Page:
“Hey. Hey! You’re doing your job. That’s how you do your job.” I got up onto my knees to put us at more of an even level. “If you personalized everything, you’d never be able to save anyone. You’d be like one of those doctors on TV, where every person you had to work with was your brother or your best friend…”
“Or my girlfriend?” he asked, with another unsteady laugh. “We met in the hospital.”
“And I was never your patient. Dating me is more like dating one of those extras who only appears in one episode and then goes off to be on a different show.” I touched his cheek lightly with the back of my hand, doing my best to keep my own anxiety in check. Nathan needed me. I was going to be there for him. “You’re doing your job. Now what happened with Kate?”
Nathan took a deep breath. “She was presenting with normal symptoms for the sleeping sickness. The EMTs who were working on her decided to let Devi stay in the room, because she wasn’t getting in the way, and it was easier than separating them. Devi wasn’t getting in the way. She was crying and trying to hold Kate’s hand when she could, but she understood that if she interfered at all, she’d be asked to leave.”
“Uh-huh,” I said.
“Devi’s dead.” Nathan made the statement without emotion or inflection: it was a fact, and he presented it as such. I dropped my hand, eyes widening. He turned to look at me, and there was no life in his expression. He looked as empty as his voice sounded. “She was holding Kate’s hand, and Kate attacked her.”
“The EMTs didn’t have a chance to react. They’d never seen that kind of behavior from one of the sleeping sickness cases before. One moment, Kate was on the bed, unresponsive, and the next, she was sitting up and grabbing Devi by the throat. Her trachea was crushed. It broke her hyoid bone. They couldn’t react in time. She died before they even got her onto a table.”
“Oh my God,” I whispered.
“Kate never even blinked. Not even when they were pulling her off her wife’s body. She never blinked. As soon as they got her away from Devi, she went limp, and returned to the base fugue state that they all seem to be in.” Nathan moved abruptly, standing and starting toward his dresser. “I need to get to the hospital. They need me. I’m really sorry to do this, but if I leave you money, can you take a cab to work in the morning? I’m not sure I’ll be back.”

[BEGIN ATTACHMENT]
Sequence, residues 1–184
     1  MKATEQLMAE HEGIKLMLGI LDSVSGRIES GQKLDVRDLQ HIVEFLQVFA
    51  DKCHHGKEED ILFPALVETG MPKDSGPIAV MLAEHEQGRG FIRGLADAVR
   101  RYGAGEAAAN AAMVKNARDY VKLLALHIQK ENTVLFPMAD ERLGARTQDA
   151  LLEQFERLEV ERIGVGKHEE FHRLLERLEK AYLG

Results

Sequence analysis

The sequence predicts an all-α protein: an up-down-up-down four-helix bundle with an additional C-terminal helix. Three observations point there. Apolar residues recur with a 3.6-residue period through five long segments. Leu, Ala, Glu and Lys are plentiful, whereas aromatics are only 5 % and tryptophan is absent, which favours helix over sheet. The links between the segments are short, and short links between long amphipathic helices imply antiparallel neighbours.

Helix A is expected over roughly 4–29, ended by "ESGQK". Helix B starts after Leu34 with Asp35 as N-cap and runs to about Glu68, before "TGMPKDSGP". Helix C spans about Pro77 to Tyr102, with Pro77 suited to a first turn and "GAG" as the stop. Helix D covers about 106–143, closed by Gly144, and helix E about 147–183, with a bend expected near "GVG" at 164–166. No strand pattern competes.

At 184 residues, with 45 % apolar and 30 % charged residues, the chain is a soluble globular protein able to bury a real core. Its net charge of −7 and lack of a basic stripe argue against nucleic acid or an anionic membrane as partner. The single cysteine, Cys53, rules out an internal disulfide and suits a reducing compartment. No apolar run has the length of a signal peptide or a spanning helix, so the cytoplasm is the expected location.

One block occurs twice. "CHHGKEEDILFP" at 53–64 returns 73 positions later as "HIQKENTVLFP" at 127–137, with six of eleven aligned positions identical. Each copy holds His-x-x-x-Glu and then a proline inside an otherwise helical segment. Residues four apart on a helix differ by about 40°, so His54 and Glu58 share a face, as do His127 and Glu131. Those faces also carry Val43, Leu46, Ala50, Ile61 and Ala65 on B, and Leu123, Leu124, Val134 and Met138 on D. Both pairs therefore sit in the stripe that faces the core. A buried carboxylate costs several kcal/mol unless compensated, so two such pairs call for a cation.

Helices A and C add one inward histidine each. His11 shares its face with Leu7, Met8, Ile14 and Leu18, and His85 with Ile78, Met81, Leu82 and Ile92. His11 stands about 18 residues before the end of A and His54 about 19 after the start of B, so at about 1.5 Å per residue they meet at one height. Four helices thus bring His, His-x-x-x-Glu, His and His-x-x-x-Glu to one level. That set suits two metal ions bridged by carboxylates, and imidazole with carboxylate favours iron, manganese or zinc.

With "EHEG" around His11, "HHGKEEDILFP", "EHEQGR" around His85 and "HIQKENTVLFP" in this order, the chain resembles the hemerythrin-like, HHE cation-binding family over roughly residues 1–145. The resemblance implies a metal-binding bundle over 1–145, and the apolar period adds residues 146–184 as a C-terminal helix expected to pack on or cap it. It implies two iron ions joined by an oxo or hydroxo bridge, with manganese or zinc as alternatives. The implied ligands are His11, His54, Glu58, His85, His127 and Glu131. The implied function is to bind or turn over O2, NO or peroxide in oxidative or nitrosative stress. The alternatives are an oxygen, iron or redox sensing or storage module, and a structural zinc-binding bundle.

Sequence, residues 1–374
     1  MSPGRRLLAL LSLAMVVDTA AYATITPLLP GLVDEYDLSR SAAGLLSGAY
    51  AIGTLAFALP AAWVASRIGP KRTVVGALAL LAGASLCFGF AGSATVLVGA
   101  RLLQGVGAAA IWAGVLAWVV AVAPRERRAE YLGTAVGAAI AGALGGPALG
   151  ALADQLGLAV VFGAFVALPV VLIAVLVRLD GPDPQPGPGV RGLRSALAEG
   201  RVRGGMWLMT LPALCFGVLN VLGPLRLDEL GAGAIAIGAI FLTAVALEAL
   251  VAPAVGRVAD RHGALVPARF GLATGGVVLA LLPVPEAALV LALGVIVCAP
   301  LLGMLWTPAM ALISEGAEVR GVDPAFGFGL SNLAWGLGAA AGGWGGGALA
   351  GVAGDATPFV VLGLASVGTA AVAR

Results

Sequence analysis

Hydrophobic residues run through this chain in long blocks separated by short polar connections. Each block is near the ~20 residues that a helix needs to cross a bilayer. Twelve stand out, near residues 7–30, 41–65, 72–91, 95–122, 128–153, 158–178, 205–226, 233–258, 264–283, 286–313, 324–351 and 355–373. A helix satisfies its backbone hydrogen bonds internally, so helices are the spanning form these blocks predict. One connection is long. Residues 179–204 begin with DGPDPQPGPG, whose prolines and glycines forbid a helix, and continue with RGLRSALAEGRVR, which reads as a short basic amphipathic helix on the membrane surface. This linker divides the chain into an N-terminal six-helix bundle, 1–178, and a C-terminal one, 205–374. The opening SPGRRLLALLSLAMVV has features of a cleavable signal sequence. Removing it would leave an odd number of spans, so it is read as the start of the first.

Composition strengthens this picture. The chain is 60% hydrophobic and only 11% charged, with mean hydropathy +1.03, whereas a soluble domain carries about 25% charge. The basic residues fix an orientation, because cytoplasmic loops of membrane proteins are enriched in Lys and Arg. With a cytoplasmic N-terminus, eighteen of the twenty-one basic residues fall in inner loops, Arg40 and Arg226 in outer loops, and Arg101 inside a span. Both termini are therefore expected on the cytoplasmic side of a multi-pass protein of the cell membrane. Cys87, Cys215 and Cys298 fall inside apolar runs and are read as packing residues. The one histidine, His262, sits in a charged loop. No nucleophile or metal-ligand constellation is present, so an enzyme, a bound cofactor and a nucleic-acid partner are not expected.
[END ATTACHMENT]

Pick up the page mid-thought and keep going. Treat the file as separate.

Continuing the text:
“Of course. This isn’t the time for me to insist you be the one to drive me.” Devi was dead. Katherine had the sleeping sickness, and now Devi was dead. I stayed on the bed, watching Nathan as he dressed, and tried to make my thoughts stop spinning wildly around those two poles: Devi was dead, and Katherine had the sleeping sickness.
Whatever answers we might find, they were going to come too late for Devi, who had always been kind to me, and for Katherine, who had loved her wife very much. Even if they could find a cure for the sleeping sickness, how was Katherine ever going to recover from what she’d done? “I was in a coma, I didn’t know” didn’t seem like much of a justification. It wouldn’t have worked for me. It wasn’t going to work for her.
Nathan crossed back to the bed and bent to kiss me quickly, whispering, “I’m sorry.” He thrust forty dollars into my hand. Then he was out the door, leaving me sitting on the bed and staring blankly after him.
It wasn’t until the front door slammed that I actually turned and looked at the clock on his bedside table. It was a little bit after three o’clock in the morning. A new day had started. It hadn’t started particularly well.
Instead of going back to sleep, I decided to go home. Beverly would need to be fed, and I could use the company. The taxi let me off in front of my house half an hour later. The driver insisted on staying to see me get inside, possibly because I’d tipped well before getting out of the vehicle. I didn’t mind. It was nice to know that there was someone at my back if I needed it.
Beverly met me at the door, tail wagging wildly from side to side, mouth hanging open in a wide canine grin. She didn’t bark. Her previous owner had trained her well before the sleeping sickness had taken him away from her. For the first time, I looked down at my accidental dog and wondered if she missed the man she used to live with. Dogs were loyal. How much time did she spend wondering if he was ever going to come and take her home?
I waved to the taxi before stepping into the house and easing the door closed behind me. If I was quiet, maybe I wouldn’t wake anybody else up. They all had things to do in the morning, and I had already e-mailed Will to let him know I wouldn’t be in. Nathan was going to need me when he finished his shift and finally allowed himself to think about the reality of what had happened. Devi was gone. Devi wasn’t coming back. We both had to deal with that.
Beverly followed me to my room, tail still waving. At least someone was happy about my unexpected return. I sat down on the bed, patting the mattress to encourage her to jump up. Not that it took much encouragement; with Beverly, keeping her out of the bed was usually a harder task. She hopped up and sat down next to me, tail wagging harder than ever. It kept wagging as I bent over, put my arms around her neck, and wept silently into her fur.
About five minutes had passed when I heard my father clear his throat. I looked up to find him standing in the doorway of my room. The hallway light was on, turning him into a black outline of a man. Quietly, he asked, “Long night?”